The Struggle: A Conversation with Marge Maloney

The following are excerpts from a conversation with Marge Maloney, a lifelong workers’ and gay rights activist born in 1948 on the West Side of Buffalo, New York, to an Irish-Catholic working class family.

“I came out as gay to my family when I was 16, and got nothing but tremendous support,” Marge said. “As I got older, I realized that not everybody was that fortunate. That began my activism, and my idea of haves and have-nots; people that were more privileged in some ways.”

She has been an active member of the Workers World Party (WWP) since 1969, when she, as a college student, joined the party’s youth caucus.

“I got involved in the anti-war movement, which so many of us did. It was ‘69 when I joined the anti-war movement, and it just sort of flowed from my ideas about struggle and oppression,” she said. “It was intersectionality before it had a word.”

In addition to labor rights, the WWP worked to support food justice, prisoners’ rights, Middle East liberation, and LGBT and women’s issues.

The Gay Liberation Movement

Gay liberation groups at the March on Albany, 1971. Photograph by Richard C. Wandel. Richard C. Wandel Photographs Collection, The LGBT Community Center National History Archive.

The Stonewall Riots happened during the same time that Marge found herself deeply ensconced in anti-war efforts.

“I was so busy doing anti-war work and being a thorn in the side of authority that I didn’t pay much mind, truthfully,” she said. “I was working, going to school, and running the streets with the cops chasing me.

“The gay movement in Buffalo was nascent for a long time. I mean, there were people back in the ‘50s and ‘60s obviously, but I came to the LGBT movement late. I was beginning to have an inkling that I was destined to struggle, and so I joined the Workers World Party, because they were at the time the only socialist party to have both a women’s caucus, and a lesbian and gay caucus, both fully functional,” she said.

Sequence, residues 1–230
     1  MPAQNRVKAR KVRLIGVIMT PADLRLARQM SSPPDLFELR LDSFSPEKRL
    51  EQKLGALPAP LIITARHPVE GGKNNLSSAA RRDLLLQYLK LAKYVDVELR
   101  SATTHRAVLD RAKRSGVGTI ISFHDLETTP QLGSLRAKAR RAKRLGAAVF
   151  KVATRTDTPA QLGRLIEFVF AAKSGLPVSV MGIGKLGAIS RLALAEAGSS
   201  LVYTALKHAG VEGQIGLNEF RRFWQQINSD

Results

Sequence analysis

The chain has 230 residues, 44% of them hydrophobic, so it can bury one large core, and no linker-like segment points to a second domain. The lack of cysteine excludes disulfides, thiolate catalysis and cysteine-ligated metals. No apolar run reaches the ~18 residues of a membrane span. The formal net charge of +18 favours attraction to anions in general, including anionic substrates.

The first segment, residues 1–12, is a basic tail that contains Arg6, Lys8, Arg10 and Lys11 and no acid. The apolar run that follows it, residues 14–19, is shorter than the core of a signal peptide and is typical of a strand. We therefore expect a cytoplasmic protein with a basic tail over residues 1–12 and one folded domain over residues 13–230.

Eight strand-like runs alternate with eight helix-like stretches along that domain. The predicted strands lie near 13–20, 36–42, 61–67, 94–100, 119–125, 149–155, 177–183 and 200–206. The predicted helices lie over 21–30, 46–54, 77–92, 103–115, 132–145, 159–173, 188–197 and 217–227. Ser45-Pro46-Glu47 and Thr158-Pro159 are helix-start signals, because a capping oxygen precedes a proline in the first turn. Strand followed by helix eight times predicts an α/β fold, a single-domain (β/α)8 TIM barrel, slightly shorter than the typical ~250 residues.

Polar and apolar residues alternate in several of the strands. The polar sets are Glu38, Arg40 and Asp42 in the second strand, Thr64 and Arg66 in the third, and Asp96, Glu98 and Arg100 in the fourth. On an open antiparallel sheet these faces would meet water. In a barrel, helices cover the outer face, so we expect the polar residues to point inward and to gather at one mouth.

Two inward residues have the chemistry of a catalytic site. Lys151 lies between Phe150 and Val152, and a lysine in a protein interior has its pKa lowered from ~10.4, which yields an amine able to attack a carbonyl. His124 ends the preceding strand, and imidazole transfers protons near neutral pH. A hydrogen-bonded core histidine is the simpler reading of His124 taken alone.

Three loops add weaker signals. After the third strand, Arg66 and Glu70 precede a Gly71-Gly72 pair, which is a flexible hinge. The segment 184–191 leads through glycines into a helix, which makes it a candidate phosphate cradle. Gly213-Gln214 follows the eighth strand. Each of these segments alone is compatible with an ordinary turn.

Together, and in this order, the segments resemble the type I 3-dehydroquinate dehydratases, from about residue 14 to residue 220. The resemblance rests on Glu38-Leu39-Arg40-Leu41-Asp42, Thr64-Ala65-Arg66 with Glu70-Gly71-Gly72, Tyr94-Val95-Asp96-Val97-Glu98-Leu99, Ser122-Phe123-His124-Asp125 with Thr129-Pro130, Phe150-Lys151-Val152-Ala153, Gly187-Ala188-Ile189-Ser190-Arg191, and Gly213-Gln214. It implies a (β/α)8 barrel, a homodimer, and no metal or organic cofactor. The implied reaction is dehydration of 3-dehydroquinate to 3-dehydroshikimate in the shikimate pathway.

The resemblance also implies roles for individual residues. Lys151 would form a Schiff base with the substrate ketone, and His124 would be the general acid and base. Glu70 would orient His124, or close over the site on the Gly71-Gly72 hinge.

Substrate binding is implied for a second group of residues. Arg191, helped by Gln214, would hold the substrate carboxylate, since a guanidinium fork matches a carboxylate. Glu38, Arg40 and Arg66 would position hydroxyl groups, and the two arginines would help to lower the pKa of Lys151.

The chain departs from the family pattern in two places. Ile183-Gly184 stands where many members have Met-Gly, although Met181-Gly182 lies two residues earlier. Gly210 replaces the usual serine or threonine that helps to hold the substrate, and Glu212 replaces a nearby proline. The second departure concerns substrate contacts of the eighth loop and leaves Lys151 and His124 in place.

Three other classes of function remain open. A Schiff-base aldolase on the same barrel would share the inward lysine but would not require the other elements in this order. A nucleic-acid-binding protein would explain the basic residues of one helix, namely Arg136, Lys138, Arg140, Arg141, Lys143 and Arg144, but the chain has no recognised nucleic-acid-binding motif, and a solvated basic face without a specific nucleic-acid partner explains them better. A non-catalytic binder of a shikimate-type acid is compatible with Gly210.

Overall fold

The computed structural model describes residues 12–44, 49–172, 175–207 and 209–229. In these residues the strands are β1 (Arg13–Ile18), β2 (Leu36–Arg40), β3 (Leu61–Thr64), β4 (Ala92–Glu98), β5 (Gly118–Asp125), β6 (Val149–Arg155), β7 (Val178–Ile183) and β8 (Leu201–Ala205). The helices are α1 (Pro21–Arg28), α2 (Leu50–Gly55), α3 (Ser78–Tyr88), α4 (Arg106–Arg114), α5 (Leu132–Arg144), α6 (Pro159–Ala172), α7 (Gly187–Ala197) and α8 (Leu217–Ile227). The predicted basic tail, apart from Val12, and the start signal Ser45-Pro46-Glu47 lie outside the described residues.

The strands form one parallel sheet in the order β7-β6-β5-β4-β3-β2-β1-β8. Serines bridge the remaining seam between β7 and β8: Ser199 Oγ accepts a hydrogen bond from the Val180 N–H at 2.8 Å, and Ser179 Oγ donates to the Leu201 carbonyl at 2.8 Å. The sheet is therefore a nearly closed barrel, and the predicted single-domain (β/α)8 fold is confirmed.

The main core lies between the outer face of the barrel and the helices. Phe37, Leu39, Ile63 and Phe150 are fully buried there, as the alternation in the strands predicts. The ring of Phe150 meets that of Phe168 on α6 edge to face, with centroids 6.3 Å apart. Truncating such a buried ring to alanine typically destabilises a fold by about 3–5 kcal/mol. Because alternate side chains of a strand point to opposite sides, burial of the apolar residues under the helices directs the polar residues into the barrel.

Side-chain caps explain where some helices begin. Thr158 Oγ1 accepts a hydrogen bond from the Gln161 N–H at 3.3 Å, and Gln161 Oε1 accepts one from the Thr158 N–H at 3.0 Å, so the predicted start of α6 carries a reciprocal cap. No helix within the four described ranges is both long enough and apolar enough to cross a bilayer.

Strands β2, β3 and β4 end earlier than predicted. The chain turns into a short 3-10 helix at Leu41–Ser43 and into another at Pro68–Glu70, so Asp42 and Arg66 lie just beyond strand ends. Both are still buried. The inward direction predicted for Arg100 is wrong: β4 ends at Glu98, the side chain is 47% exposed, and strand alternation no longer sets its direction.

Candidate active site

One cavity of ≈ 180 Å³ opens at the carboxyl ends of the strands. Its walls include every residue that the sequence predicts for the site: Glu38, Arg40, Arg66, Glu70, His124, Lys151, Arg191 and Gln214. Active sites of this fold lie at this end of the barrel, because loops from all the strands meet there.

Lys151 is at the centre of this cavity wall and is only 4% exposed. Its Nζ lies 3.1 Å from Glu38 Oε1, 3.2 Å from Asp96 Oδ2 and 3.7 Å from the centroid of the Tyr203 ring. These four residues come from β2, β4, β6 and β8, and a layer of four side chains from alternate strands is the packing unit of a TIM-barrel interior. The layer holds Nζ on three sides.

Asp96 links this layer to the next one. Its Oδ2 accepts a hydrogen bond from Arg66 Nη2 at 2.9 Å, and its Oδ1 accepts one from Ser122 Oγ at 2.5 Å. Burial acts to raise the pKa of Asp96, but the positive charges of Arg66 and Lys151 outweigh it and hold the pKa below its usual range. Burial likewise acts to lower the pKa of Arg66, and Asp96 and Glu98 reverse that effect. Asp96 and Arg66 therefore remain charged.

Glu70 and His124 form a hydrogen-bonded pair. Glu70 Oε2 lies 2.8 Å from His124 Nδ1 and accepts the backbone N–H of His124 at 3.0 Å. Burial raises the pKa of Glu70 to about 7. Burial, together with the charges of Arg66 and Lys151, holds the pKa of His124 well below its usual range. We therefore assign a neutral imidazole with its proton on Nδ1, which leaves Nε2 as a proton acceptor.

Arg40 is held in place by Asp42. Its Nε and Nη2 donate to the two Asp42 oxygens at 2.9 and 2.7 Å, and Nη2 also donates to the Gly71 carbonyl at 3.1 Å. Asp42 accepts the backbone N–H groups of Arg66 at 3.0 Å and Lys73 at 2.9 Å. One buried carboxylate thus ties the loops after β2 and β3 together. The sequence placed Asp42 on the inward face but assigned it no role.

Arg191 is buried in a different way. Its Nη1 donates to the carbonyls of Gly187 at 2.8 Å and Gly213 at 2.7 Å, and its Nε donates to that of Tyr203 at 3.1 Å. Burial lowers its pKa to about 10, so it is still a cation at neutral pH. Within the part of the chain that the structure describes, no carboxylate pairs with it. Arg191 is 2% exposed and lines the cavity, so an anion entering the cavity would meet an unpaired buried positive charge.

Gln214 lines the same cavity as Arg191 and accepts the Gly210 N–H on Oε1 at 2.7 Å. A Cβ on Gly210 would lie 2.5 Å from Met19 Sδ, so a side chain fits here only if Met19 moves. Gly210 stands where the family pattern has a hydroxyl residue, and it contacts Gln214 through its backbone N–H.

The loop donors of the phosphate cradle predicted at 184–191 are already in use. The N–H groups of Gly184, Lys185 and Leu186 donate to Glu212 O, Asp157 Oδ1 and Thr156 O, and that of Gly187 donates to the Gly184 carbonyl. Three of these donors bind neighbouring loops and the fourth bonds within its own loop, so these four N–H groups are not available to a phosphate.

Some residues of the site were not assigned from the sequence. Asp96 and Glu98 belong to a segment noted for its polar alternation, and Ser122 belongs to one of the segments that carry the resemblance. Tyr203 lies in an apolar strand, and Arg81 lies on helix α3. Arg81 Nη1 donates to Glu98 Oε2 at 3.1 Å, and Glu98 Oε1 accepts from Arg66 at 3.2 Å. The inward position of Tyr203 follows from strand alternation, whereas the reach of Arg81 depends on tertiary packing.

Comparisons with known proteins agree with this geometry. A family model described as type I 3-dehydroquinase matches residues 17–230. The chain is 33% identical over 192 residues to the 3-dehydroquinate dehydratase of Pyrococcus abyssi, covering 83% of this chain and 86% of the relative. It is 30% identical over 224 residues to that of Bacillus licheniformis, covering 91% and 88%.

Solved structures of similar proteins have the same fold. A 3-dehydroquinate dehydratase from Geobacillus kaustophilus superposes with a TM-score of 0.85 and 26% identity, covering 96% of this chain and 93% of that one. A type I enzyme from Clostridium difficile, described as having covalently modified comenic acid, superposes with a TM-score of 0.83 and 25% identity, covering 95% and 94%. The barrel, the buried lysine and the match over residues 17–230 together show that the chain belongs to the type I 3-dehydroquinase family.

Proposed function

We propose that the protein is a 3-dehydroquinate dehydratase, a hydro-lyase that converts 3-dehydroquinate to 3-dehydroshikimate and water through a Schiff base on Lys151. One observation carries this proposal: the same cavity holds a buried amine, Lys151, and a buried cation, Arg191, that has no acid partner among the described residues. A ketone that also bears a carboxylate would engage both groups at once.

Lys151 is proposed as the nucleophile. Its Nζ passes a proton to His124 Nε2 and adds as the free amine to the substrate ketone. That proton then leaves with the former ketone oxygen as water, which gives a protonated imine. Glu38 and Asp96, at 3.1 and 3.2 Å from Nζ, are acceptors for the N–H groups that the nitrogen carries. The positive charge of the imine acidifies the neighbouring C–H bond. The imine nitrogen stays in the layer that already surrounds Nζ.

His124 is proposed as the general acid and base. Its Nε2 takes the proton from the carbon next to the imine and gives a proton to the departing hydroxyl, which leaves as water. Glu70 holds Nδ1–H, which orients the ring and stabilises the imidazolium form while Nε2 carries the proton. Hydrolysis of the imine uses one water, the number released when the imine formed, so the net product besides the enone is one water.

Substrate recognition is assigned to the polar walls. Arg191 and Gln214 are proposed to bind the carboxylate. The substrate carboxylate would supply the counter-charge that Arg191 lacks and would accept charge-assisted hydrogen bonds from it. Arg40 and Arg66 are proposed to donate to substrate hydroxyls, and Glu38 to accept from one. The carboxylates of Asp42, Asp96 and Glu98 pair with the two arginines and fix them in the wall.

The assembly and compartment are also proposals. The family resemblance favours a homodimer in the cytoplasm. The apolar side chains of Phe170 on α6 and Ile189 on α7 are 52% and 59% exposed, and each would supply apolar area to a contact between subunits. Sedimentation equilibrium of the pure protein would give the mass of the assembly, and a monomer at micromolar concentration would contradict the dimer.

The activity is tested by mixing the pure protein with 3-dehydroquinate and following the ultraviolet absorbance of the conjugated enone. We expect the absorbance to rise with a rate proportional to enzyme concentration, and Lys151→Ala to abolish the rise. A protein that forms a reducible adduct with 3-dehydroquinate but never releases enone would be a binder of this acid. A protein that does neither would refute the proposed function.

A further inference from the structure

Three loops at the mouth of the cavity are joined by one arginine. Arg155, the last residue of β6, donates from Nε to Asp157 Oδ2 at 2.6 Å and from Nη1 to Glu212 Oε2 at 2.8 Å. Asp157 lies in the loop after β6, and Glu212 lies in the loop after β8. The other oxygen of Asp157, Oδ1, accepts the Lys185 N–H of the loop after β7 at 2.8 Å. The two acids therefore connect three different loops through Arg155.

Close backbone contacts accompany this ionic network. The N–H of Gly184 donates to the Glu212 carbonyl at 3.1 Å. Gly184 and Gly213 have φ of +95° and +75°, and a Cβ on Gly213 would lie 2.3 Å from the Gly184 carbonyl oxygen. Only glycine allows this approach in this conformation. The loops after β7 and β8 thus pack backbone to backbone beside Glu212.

“One thing led to another, and they just perfectly dovetailed. I could be active in the gay community, and I could be active in the workers’ struggles, and the tangential struggles that came from it. It just sort of worked beautifully.”

The Mattachine Society

Mattachine Society Photos, 1970; Box 4, Folder 25, The Madeline Davis Gay, Lesbian, Bisexual, Transgender Collection, Archives & Special Collections Department, E. H. Butler Library, SUNY Buffalo State.

Marge attended the March on Albany in 1971, joining the Mattachine Society of the Niagara Frontier shortly after. This organization was a much more mainstream effort than her other, more radical efforts with the WWP. She joined Mattachine’s Speakers’ Bureau, who organized conversations with fellow community organizations, such as PTAs and the University at Buffalo’s medical school.

“We answered questions from all of the med students about being gay and transgender, and tried to raise their consciousness a little bit. ‘We have the same hardware that you have, we deserve the same respect,'” she said.

Marge helped to build Mattachine’s gay and lesbian community center at Main and Utica. “We provided counseling, a drop-in center, and meeting space for people and community organizations,” she said.

At this time, Marge was working in the Women’s Studies department at the University at Buffalo. “We had a socialist-feminist bent,” she said. “I taught the intro course, ‘Women in Contemporary Society.’ I also taught a lesbianism course called ‘Woman to Woman.’ It was pretty fun. We had Saturday night dances for the women, and Friday night for the guys, just like record hops in the ‘50s.”

Memories of Villa Capri

NOT Villa Capri, but a dope image nonetheless.

“It was a pretty tough bar. They were used to fighting for their rights, and used to not taking any shit, and getting beat up for who they were. It was a fun bar,” she recalls, describing one of Buffalo’s storied lesbian bars of the past.